Michael Boskin’s summer of economic history amnesia

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This post is a guest contribution by Paul Kasriel of The Northern Trust Company.

In a September 2 op-ed commentary in the WSJ (“Summer of Economic Discontent”), Michael Boskin, former chairman of the President’s Council of Economic Advisers under Bush 41, compares the anemic current economic recovery with vibrant ones, such as the recovery that commenced in the first quarter of 1983, when Martin Feldstein was chairman of President Reagan’s Council of Economic Advisers. Mr. Boskin intimates that the reason the current economic recovery is so feeble is economic policies being pursued by the current presidential administration.

I am not here to argue for or against current policies, but merely to suggest that there is another or additional reason for the relative weakness in the first year of this current recovery, a reason that might also explain the relative weakness in the first year of the recovery that commenced in the second quarter of 1991. Mr. Boskin was the chairman of the President’s Council of Economic Advisers at the time of the 1991 economic recovery. I find it curious that he makes no reference to that recovery when criticizing the current recovery.

If you have been reading my recent commentaries, you probably have guessed the reason I am about to propose as playing a large role in restraining the pace of the current recovery – the unprecedented contraction in nominal and real bank credit in the post-WWII era. Mind you, I am not suggesting that this is the only factor – just an important one.

Chart 1 shows the year-over-year percent changes in real GDP and real bank credit one year after the final quarter of three recessions – Q4:1982, Q1:1991 and Q2:2009 (not yet designated so by the National Bureau of Economic Research). The relatively robust economic recovery in the four quarters ended 1983:4 of 7.7% growth in real GDP was accompanied by a 6.4% increase in real bank credit. The economic recovery that commenced in the second quarter of 1991 produced real GDP growth of only 2.6% in its first year. Take note, though, that real bank credit grew by only 1.4% in this recovery.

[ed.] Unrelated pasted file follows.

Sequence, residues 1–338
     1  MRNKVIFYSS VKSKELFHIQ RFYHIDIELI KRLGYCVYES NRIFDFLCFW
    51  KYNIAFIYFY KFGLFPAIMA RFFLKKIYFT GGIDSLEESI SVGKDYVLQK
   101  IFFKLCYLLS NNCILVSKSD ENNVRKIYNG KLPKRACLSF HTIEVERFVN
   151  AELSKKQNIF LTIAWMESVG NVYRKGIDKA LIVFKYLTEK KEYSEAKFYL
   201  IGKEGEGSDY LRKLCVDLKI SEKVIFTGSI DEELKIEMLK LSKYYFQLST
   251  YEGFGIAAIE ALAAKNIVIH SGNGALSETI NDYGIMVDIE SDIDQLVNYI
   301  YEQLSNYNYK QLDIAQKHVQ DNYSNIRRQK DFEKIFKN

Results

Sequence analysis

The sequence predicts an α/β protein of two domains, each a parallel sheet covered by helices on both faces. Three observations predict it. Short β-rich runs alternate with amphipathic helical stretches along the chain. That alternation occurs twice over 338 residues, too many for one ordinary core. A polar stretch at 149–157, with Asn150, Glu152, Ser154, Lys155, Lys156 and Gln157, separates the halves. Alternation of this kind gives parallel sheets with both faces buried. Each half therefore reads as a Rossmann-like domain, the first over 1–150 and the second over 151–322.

In the first four quarters of the current economic recovery real GDP is up 3.0%, not materially different than the 2.6% real GDP growth in the recovery that commenced in the second quarter of 1991. In the first four quarters of the current recovery real bank credit contracted by 7.9%. The median four-quarter percentage chain in real bank credit from 1960:Q1 through Q2:2010 is 4.78%. So, the percentage change in real bank credit in the four quarters ended 1983:4 was above the median; the percentage changes in real bank credit in the four quarters ended 1992:Q1 and 2010:Q2 were below the median.

Obviously, there are factors other than just the behavior of real bank credit that explain the behavior of real GDP growth. If this were not the case, then the current economic recovery could not have achieved even the modest 3.0% growth in real GDP in its first four quarters. But the contraction in real bank credit in the first four quarters of this current economic recovery certainly could be considered a “headwind” to the recovery. I use the term “headwind” because this is exactly the term coined by Fed Chairman Greenspan with regard to weak credit creation to help explain the lackluster economic recovery that commenced in the second quarter of 1991. Do you remember some other terms that entered the economic lexicon during that period – terms such as “double dip” and “jobless recovery”?

Speaking of jobless recoveries, I would like to refresh Mr. Boskin’s memory about the private sector job creation during the first four quarters of the recovery that commenced in the second quarter of 1991, and compare it with job creation for comparable periods in other recoveries, starting with the 1961 recovery. These data are shown in Chart 2, which was created by my colleague, Asha Bangalore. Yes, private job creation so far in the current recovery pales in comparison to the average since 1961. But private job creation in the first four quarters of the current recovery exceeds that of the 1991 recovery, the one in which Michael Boskin was the president’s chief economic adviser.

Perhaps Mr. Boskin is not suffering so much from amnesia, as I have suggested, but rather is experiencing an episode of déjà vu. He intimates that if current economic trends continue President Obama will have a difficult time being elected for a second term in 2012. Yes, just as President George Herbert Walker Bush was unable to win a second term in 1992, which terminated Mr. Boskin’s tenure as chairman of the President’s Council of Economic Advisers.

Source: Paul Kasriel, Northern Trust Global Economic Research, September 7, 2010.

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